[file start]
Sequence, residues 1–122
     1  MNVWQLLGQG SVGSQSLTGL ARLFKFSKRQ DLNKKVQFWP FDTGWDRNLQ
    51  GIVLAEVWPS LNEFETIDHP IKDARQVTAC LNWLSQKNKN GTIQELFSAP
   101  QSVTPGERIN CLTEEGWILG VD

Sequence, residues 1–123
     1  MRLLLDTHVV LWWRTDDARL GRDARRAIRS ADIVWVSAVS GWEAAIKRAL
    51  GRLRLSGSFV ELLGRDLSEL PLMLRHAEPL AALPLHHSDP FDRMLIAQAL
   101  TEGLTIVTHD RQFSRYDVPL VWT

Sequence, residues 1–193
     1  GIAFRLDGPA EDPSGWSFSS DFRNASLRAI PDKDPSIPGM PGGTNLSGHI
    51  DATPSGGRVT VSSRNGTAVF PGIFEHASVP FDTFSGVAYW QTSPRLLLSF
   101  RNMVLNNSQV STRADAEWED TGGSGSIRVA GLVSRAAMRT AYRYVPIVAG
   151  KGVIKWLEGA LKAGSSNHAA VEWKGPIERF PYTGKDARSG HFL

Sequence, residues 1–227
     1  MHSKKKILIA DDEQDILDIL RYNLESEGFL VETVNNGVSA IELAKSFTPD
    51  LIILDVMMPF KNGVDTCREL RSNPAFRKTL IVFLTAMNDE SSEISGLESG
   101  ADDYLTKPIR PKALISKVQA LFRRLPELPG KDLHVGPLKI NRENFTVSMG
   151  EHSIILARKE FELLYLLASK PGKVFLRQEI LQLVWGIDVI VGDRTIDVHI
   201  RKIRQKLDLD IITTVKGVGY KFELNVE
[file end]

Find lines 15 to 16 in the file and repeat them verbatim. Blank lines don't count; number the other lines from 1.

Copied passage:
     1  MHSKKKILIA DDEQDILDIL RYNLESEGFL VETVNNGVSA IELAKSFTPD
    51  LIILDVMMPF KNGVDTCREL RSNPAFRKTL IVFLTAMNDE SSEISGLESG